Belonging Matters Tip Sheets
The series of tip sheets below from Belonging Matters offer many ideas and suggestions for people who are thinking about how to build lasting friendships, how to create a meaningful, inclusive life after school, and how to experience belonging in their neighbourhoods and communities:
- Friendship Tip Sheet
- Life After School Tip Sheet
- Ways to Foster Belonging in the Community Tip Sheet
- Ways to Join the Community Tip Sheet
School Inclusion In Canada
By Judith McGill
Originally posted to the Families for a Secure Future website
For the past eighteen years in Ontario, Families for a Secure Future has been innovating with the role of Independent Facilitation in supporting adolescents who have a developmental disability to transition out of secondary school into a meaningful adult life.
“We are all ‘social beings’ who make meaning with and through others by telling stories about our lives. As children and adolescents, we are accustomed to others being the narrators of our story. Parents, teachers and siblings defining our potential, who we are and who we are to become, until at last, we reach adulthood and see the necessity of narrating and shaping our own story.
While there are many transitions that each of us go through and embrace throughout our lifetime, the passage from adolescence to adulthood is clearly one of the most necessary and difficult ones. For every person, it signals a shift in our relationship to others. We must consciously become aware of what it means to take responsibility for our lives and at the same time recognize what we rely on others for and how we want to contribute to the lives of others. Adolescents with developmental disabilities are no different, they yearn to find places in the world where they belong so that they can gladly make their contribution to others, build relationships and take up their adult lives. As an Independent Facilitation organization, Families for a Secure Future has had extensive expertise in supporting adults (18 years and older) with developmental disabilities and their families, to prepare for and manage change as they work their way through the numerous transitions that are part of a typical life.”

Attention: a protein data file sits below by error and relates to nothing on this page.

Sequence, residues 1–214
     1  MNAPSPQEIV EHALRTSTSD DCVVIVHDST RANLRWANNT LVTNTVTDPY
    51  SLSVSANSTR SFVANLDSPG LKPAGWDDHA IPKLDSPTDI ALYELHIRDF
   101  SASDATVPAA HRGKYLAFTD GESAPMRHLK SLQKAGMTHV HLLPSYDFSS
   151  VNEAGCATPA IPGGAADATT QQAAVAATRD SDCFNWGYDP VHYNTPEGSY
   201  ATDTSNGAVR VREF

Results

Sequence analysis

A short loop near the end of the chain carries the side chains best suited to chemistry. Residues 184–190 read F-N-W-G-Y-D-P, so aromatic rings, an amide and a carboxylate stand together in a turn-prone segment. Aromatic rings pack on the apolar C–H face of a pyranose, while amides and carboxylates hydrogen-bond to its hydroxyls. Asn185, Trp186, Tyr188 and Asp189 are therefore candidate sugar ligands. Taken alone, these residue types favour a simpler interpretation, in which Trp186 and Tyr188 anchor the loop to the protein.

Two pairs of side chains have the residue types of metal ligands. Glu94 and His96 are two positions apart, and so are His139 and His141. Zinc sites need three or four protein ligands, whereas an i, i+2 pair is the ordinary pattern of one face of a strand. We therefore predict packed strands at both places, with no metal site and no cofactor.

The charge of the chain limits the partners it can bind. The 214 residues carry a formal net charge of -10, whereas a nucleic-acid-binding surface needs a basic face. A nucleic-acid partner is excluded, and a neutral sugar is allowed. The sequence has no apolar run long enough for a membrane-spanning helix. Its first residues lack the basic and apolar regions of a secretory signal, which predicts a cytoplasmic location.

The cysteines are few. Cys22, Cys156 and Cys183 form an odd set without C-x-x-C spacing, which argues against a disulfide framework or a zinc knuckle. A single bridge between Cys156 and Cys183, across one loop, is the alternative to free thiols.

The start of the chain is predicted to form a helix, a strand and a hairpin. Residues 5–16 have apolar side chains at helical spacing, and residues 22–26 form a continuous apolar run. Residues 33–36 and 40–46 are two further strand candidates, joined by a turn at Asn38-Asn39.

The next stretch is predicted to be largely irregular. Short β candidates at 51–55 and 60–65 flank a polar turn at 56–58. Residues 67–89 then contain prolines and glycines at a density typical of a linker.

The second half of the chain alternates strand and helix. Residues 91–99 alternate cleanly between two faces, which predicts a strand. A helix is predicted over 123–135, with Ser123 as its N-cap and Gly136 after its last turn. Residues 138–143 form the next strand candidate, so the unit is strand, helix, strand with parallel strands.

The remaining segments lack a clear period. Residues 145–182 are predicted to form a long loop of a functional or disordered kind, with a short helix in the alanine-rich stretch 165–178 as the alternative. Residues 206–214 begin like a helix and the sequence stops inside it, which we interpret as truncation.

~ Excerpt from a contribution by Judith McGill to the book “Inklusion in Kanada – Perspektiven auf Kulturen, Strukturen und Praktiken (Arbeitstitel)” [Inclusion in Canada – Perspectives on Cultures, Structures and Practices], to be published by Martin-Luther-Universität, Halle-Wittenberg.
The book will be published in German and English, over the coming year.
Read the full Chapter here.
What’s Worth Working For?
Leadership For Better Quality Human Services
By John O’Brien
An exploration of the Five Valued Experiences (John O’Brien and Connie Lyle O’Brien 1989), and Five Service Accomplishments that service agencies, and people interested in creating meaningful support, can aspire to as they assist people in moving toward a desirable future as valued citizen and community member.
Families and Planning
by Susannah Joyce
A guide for family members, friends and trusted allies, who want to support the person they care about in planning for their life.
Planning Together For Self Advocates
by Susannah Joyce
A plain language guide for self-advocates who are thinking about planning for their life and support.
Planification pour auto revendicateurs
by: Susannah Joyce
We Have Human Rights
A human rights handbook for people with developmental disabilities from the Harvard Project on Disability
Finding A Way Toward Everyday Lives (1992)
by: John O’Brien and Herb Lovett
This publication thoughtfully describes the foundation of person-centered planning and its potential for creating a better future for people and for influencing change. It also addresses controversies and fears associated with this new approach.
Person Centered Planning and the Quest for System Change
by John O’Brien
O’Brien considers an array of person centered planning methods, and contexts in which these practices are used.Share